Sunday, 1 September 2013

UMA and the Potter - 28-08-13

This week I was introduced to the University of Melbourne Archives and the Ian Potter Museum of Art, where I learnt about the various ways these institutions engage students, staff and alumini of the University, as well as the wider public with their collections. Both institutions offered me a valuable introduction to their day to day duties and also encouraged me to talk to members of staff whose work I was particularly interested in.

UMA's magnificent collection of boxes

The University Archives holds 18km in shelving of archival records and materials, relating to businesses, social and political movements, the city and the University. The staff are currently working to improve accessibility by using digital systems to comprehensively record and organise information about their holdings. This is an ernormous project that includes ironing out any anomalies that have occurred since the archive’s birth half a century ago, as items and records have been moved, new collections have been acquired, members of staff have left and procedures have changed. It showed me that archives certainly aren’t the static things that I had previously imagined.

It was also interesting to see how the work of an archivist, more so than that of an academic, curator or researcher, really aspires to objectivity. The archivist endeavours to order things objectively, describe things objectively, and although assessing the significance of an object is an important aspect of their role, there is still a strong impetus to preserve even those items that may seem to be trivial or arcane.

At the Potter, I was privileged to attend a meeting to discuss a coming exhibition on the architecture on campus (which, incidentally, referred to a number of images that I had encountered the previous day in the archives!) This exhibition will explore how the changing representations of the University, through its buildings and their depcitions, reflect the changing image that the University hopes to present of itself. This strikes me as a fantastic opportunity to engage students of the University but also members of the public, who will have observed, as I did in my first entry, the multitude of architectural styles even from the outskirts of the campus, and may subsequently be inclined to explore the campus grounds within.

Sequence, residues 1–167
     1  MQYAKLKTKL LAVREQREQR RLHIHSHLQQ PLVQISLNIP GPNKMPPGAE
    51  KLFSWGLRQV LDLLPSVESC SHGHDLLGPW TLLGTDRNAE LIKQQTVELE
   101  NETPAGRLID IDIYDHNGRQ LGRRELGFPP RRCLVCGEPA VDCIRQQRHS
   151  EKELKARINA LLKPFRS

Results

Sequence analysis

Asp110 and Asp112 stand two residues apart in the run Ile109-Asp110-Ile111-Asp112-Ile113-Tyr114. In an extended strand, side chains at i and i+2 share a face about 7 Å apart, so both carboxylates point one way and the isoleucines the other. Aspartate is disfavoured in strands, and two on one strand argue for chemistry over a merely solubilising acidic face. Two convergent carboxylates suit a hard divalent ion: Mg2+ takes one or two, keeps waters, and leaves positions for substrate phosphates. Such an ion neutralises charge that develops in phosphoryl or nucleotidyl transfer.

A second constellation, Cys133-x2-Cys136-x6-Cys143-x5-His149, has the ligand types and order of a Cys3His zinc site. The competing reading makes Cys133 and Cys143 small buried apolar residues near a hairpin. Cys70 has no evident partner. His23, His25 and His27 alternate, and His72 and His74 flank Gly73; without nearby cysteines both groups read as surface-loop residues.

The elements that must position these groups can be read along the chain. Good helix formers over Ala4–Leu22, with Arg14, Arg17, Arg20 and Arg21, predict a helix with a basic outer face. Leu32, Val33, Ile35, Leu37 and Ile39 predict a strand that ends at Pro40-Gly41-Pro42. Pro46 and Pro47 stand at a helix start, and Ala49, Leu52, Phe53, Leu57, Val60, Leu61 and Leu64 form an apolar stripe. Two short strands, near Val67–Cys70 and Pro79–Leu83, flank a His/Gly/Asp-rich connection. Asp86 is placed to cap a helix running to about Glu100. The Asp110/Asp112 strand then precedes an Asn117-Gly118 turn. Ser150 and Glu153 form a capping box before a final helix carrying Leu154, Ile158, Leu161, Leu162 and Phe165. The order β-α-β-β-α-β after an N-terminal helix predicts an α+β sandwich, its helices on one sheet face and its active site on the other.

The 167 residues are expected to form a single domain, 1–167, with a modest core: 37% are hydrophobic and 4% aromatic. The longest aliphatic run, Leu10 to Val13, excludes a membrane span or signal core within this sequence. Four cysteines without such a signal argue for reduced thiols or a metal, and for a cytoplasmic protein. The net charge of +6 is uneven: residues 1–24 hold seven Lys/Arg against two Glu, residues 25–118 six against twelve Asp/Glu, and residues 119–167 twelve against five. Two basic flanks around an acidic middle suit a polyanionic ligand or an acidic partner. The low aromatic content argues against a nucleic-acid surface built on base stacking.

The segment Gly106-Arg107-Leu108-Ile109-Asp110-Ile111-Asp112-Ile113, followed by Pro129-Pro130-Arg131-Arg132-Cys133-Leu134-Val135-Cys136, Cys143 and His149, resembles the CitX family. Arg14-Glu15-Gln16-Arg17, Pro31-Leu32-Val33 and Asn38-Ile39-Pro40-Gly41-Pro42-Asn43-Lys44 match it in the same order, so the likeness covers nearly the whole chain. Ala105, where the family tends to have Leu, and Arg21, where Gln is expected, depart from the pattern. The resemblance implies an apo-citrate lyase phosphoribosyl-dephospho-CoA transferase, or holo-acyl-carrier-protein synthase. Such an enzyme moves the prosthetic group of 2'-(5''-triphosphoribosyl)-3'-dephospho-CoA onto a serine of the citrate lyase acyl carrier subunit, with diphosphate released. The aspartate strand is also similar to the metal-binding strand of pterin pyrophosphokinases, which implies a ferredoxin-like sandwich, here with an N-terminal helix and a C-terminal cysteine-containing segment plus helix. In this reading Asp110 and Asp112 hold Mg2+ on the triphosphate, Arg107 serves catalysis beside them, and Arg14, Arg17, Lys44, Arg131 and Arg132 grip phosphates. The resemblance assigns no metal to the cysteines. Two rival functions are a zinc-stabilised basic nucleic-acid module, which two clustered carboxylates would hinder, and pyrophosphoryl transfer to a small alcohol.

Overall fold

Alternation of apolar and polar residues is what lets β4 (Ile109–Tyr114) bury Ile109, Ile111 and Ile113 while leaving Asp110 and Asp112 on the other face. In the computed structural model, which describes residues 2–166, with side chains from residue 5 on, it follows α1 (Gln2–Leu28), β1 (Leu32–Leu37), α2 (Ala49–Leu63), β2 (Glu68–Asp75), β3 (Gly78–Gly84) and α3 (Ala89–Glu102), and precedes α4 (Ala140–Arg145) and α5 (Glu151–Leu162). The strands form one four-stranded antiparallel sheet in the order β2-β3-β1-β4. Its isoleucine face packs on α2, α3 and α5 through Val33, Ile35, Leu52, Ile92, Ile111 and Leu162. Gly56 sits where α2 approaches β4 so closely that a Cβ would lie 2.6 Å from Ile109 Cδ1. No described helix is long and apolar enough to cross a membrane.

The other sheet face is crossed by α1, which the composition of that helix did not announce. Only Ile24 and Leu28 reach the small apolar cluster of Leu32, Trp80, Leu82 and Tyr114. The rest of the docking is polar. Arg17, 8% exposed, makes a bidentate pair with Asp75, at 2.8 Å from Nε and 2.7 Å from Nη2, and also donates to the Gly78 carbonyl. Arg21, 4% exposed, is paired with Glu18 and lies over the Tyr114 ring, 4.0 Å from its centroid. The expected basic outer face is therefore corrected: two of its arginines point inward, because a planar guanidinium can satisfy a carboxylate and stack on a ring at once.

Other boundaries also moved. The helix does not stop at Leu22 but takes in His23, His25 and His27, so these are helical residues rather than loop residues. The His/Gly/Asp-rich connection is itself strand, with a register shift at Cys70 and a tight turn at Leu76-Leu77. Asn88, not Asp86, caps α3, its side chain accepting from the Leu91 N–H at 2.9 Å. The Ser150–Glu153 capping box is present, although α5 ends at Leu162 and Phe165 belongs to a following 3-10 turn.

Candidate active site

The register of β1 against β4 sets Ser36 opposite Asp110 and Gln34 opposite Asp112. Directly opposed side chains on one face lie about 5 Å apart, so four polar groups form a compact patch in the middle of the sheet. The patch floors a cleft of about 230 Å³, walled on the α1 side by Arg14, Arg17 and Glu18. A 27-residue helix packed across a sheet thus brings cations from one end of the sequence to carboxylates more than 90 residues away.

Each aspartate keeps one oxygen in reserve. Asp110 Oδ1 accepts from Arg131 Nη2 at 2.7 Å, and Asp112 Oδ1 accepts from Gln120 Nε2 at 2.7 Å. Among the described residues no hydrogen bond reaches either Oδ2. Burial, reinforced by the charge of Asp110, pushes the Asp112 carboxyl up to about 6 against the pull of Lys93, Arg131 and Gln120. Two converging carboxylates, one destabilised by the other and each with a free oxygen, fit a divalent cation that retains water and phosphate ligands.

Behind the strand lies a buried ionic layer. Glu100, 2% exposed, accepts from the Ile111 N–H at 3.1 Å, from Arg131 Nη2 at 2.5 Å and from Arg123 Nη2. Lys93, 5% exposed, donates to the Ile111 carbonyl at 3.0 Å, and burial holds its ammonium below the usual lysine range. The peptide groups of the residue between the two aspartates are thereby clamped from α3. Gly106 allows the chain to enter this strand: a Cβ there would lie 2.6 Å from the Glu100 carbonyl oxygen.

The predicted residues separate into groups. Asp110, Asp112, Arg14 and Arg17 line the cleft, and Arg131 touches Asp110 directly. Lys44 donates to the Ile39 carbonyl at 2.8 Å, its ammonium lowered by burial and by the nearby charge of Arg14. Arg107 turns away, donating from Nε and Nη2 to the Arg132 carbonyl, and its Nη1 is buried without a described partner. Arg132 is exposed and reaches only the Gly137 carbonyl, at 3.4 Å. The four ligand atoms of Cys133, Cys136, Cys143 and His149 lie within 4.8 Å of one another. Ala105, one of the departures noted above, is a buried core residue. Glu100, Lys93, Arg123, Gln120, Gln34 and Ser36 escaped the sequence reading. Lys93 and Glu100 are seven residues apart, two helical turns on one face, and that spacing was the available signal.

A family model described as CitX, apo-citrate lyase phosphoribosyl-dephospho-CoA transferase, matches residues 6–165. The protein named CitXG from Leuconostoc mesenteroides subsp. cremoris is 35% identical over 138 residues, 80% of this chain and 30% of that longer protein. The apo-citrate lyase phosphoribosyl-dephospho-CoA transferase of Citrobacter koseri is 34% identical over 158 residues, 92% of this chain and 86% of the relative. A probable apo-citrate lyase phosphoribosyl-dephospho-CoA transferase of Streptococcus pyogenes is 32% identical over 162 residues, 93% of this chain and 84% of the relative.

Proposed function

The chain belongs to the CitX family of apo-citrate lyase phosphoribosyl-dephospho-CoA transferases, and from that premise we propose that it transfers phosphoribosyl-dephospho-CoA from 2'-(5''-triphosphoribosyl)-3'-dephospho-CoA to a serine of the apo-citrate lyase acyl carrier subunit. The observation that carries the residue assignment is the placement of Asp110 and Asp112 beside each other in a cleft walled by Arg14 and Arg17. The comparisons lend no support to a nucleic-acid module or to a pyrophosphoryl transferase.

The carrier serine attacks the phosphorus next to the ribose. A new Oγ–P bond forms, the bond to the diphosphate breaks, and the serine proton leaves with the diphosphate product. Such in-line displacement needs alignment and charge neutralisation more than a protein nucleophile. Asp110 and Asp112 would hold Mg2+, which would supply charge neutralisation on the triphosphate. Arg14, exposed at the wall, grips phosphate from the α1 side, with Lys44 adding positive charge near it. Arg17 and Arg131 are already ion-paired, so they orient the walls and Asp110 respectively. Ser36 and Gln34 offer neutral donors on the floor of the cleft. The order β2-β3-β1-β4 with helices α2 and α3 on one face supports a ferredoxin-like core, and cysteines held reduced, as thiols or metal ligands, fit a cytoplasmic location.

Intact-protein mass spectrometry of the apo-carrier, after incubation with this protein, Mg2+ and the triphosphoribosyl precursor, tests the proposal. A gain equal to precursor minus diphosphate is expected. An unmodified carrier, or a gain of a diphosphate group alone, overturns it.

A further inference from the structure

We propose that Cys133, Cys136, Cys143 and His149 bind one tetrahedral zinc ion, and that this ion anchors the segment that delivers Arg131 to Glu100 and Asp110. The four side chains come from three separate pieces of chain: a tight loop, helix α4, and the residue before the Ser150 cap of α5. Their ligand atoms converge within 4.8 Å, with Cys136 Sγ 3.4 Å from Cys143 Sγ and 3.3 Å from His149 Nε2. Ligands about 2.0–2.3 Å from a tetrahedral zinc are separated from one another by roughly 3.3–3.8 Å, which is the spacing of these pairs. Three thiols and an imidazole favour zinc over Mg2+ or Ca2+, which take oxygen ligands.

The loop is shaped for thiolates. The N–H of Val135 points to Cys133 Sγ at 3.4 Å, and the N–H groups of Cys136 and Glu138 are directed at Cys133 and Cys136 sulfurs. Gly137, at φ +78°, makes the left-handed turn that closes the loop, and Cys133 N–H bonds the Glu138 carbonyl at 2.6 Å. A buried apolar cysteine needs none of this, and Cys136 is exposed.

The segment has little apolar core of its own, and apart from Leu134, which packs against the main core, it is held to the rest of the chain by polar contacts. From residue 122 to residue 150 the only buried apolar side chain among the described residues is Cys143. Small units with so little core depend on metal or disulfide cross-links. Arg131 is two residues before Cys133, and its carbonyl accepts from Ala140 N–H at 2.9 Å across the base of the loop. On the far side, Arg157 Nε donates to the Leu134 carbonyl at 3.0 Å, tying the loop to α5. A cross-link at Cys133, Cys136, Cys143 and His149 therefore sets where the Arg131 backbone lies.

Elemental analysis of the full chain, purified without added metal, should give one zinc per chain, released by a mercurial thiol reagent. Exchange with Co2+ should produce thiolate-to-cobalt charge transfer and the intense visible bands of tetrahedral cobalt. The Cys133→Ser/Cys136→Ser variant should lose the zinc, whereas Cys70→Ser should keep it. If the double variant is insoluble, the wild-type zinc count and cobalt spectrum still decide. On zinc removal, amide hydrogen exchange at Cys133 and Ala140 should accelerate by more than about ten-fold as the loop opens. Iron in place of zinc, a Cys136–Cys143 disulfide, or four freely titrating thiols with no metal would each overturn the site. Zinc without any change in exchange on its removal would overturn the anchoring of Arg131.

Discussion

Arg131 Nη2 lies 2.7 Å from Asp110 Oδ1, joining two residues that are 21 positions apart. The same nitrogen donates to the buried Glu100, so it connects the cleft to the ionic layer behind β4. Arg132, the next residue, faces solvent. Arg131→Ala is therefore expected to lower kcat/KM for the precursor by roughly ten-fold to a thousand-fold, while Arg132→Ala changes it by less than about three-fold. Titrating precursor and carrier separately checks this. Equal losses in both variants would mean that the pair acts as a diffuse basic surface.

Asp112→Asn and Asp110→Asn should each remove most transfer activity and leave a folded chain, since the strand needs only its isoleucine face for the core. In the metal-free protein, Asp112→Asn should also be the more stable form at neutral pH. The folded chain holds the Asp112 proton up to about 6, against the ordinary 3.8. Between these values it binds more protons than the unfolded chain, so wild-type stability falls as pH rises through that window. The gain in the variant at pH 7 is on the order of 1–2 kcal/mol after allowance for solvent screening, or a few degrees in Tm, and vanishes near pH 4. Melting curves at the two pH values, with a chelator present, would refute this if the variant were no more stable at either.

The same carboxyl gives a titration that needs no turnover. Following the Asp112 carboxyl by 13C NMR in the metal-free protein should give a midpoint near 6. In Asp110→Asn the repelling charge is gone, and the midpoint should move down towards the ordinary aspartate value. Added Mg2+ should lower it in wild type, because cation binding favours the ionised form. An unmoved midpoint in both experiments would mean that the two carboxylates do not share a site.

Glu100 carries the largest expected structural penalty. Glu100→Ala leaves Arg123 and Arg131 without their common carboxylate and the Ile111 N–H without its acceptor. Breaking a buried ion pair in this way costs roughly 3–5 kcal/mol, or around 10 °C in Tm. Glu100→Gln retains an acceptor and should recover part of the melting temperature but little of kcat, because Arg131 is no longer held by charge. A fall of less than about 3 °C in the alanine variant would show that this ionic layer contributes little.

I was incredibly excited and inspired by my discussions with the Curator of Academic Programmes, Heather Gaunt. Heather’s inventive projects and ideas recognise that University art collections and galleries house great potential for education across an extremely broad array of academic disciplines. She has worked with students studying medicine and dentistry, business and marketing, computer science, and English as a foreign language, using art as a tool to develop new or existing skills relevant to that discipline. Her approach was refreshing in that many of the projects were mutually beneficial for the participants and for the Museum, in contrast to the Museum that often perceives its visitors as passive beneficiaries. This really feeds into my personal interests in cultural engagement and was also highly relevant for my Cultural Collections Unit project.

No comments:

Post a Comment